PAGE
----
Despite belonging to the same architectural complex, the visit to these religious buildings is separate. Each ticket cost €5 euros. If you like churches and architecture, it’s worthy to enter, but seeing them outside is enough. In the Royal Chapel, you can see the tombs of the king and queen which you might find interesting. As we bought the Granada Card we could enter both.
NOTE: On this area, there are several gypsies who offer you a sprig of rosemary “for free”. They take your hand to read it and then they ask you for money. Don’t accept anything because they will not stop bothering you until you give them some coins.
7. Monastery of San Jeronimo
This is another religious architectural ensemble corresponding to the Spanish Renaissance style. Its construction began in 1504 and after going through several deteriorations, it was restored between 1916 and 1920. Inside there is a central yard where you can rest and relax a bit. The altarpiece inside the church is richly embellished. The price of the ticket is € 4,00.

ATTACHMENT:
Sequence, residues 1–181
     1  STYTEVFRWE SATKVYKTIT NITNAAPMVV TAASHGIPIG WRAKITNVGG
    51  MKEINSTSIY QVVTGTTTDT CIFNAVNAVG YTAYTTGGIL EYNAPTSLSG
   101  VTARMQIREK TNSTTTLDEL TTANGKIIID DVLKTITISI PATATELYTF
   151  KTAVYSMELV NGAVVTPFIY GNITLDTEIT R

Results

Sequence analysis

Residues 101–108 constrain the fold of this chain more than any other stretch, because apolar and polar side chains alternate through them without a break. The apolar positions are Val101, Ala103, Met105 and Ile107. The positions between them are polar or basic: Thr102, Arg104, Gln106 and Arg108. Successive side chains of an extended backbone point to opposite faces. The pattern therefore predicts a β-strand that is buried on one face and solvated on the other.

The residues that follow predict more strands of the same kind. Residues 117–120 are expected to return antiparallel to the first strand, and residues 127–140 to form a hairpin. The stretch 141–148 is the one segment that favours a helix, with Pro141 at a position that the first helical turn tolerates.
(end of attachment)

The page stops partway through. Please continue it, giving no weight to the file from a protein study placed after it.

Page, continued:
8. Huerta de San Vicente
La Huerta de San Vicente was the summer house of the famous writer Federico Garcia Lorca and his family. It belonged to the family from 1926 to 1936 shortly after the murder of Lorca. Some photos taken between those years, confirm that the furniture exhibited in the house-museum is original. The tour is guided and takes approximately 30 minutes
When we entered I think we were only 5 visitors, but it was ok because the house is not very big. You can see the room where Lorca used to write his novels. Also several drawings of his hand and Salvador Dalí‘s, who was a great friend of the writer. The only bad thing is that it’s not allowed to take pictures.
They have some postcards and books that you can buy as souvenirs. I bought a DVD of a movie about his life that is very interesting. To enter the house you have to buy a ticket for € 3.00. You can visit the garden or park for free. It’s a recommended museum if you like literature or are admirers of this author.